History of International Newspapers: La Prensa in Argentina Part 2
About the International newspaper La Prensa published in Argentina, history and information.
LA PRENSA (Buenos Aires, Argentina)
Ezequiel Paz retired in 1943, and Alberto Gainza Paz, son of the founder's daughter, took over La Prensa. A revolution was going on which ended in the setting up of a de facto Government headed by Juan Peron. Peron immediately established a centralized office of information on official news and otherwise limited the activities of the press. Journalists had to register with the Government or be barred from working.
La Prensa, anti-Peron, did not moderate its position. On April 26, 1944, Peron suspended it for 5 days as a kind of punishment. When the paper resumed publication, Paz quoted Argentine patriot Esteban Echierria: "Equality and freedom are the principles that engender democracy."
Peron tried everything short of physical force to control La Prensa--he urged people to boycott it, put up posters against it, set up loudspeakers across the street from it to blast insults. La Prensa would not be controlled.
Then on the day the war against Japan ended in 1945, as happy people waved Allied flags, Peron's men invaded and bombed La Prensa. Paz was arrested and put in jail, then released.
Peron was sympathetic to the Axis (Germany, Japan, and Italy) and wanted to embarrass the U.S. with that sympathy. La Prensa made it difficult for him to accomplish his purpose.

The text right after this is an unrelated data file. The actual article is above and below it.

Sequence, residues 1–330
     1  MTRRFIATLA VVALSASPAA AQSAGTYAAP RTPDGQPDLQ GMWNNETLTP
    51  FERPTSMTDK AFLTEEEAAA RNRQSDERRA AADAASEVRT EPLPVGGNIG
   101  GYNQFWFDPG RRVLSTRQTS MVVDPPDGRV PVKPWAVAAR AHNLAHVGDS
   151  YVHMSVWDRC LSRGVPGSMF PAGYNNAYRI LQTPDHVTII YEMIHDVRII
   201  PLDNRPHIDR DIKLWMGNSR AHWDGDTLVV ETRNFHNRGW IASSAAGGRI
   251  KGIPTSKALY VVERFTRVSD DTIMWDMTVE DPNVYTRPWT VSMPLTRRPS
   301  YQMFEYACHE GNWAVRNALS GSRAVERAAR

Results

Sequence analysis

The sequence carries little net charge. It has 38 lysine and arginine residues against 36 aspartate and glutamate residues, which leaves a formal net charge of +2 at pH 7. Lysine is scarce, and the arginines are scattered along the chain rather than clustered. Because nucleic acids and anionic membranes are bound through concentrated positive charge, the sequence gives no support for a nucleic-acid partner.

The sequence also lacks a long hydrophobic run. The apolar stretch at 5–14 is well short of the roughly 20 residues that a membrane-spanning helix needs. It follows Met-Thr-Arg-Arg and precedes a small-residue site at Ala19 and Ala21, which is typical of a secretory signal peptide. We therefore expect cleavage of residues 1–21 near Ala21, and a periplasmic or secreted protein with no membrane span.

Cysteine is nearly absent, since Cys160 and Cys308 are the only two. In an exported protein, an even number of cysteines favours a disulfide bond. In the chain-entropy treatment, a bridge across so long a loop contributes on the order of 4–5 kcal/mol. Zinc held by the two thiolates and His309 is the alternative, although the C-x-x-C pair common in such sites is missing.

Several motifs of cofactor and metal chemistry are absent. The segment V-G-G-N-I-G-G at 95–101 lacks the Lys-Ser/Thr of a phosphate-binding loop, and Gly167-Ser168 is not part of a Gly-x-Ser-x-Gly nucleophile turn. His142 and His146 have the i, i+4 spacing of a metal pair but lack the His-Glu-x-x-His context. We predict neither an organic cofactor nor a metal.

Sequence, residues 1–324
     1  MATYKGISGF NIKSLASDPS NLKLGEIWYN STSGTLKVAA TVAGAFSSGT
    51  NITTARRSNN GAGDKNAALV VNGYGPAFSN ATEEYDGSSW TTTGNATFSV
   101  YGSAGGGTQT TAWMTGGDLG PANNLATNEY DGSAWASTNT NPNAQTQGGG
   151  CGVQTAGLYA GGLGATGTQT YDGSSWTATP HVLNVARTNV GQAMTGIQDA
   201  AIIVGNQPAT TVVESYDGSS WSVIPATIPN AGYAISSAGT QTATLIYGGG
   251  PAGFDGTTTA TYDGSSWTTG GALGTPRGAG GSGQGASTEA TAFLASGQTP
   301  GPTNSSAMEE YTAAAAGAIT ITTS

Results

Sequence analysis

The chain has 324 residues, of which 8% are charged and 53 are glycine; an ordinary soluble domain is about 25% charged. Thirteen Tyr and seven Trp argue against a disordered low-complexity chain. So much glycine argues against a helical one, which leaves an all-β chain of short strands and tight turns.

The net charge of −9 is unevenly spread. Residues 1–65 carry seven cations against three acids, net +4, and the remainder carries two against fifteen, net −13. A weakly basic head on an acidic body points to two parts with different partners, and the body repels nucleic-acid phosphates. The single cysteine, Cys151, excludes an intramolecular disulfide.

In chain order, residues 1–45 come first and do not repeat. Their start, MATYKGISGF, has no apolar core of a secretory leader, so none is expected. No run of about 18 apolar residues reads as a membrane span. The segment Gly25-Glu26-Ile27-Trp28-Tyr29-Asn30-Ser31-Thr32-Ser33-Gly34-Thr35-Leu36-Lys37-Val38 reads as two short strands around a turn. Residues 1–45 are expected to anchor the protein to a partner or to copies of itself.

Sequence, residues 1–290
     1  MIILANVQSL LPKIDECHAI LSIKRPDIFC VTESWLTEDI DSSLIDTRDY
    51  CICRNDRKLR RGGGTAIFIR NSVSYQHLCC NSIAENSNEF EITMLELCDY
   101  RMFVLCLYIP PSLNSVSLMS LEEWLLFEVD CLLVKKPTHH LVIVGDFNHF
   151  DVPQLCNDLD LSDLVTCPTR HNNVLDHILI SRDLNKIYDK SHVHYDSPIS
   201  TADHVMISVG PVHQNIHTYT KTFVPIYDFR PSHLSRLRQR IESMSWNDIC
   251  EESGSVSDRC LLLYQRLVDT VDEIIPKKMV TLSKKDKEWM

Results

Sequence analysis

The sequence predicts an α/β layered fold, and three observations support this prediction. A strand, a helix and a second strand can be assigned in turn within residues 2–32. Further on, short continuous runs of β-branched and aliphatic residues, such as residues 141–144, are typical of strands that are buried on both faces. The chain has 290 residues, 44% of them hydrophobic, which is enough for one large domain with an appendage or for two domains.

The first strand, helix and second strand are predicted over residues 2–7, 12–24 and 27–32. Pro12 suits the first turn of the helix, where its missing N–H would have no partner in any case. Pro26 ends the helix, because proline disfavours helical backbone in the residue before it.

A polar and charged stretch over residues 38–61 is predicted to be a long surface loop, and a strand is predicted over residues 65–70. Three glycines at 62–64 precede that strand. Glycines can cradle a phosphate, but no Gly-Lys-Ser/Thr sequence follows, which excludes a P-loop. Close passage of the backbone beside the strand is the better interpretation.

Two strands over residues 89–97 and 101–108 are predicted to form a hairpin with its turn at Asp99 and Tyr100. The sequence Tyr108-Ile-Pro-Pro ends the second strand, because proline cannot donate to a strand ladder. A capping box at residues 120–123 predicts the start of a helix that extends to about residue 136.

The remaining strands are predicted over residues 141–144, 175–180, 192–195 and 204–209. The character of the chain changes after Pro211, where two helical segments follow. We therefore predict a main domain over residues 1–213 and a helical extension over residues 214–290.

In 1947, the Government demanded a huge sum for import duties on newsprint, retroactive to 1939, from La Prensa, with the trumped-up excuse that since La Prensa had printed advertising on it, it was a taxable item.
In January, 1951, the government-controlled Union of News Vendors began to pressure La Prensa to allow the union to handle its circulation. La Prensa refused, and there was violence. La Prensa appealed to the police, but got nowhere. Its 1,300 loyal employees kept working in spite of threats. On the night of January 26-27, Peron's men blockaded the plant. The staff of La Prensa decided not to abide by the blockade. The next day they marched across the plaza to the plant until armed Peronistas opened fire. One workman was killed, and 14 were wounded.
Peron took over the paper. Most of its staff left Argentina. Paz escaped in a small boat over the Rio de la Plata to refuge on his mother's ranch in Uruguay. For the next 4 years, he gave Peron bad publicity all over the world.
In 1955, Peron was overthrown. On February 3, 1956, Paz returned to Argentina to take over the paper again. The 1st issue appeared as number 29,476, ignoring the years Peron had controlled the paper. From then on, it began to regain its circulation (which had dropped drastically under Peron) and its prestige.
The Present. La Prensa remains idealistic and independent, dignified yet lively. It provides excellent coverage of foreign affairs--more than most U.S. papers--and of domestic politics, economics, culture, science, and social problems.
On Sundays, 2 feature sections offer high-quality pieces on travel, history, science, art, or literature, complete with pictures.
La Prensa continues its altruistic social programs with a free medical clinic, library, and advice. In the La Prensa building there is a 200-seat hall in which free lectures are given.
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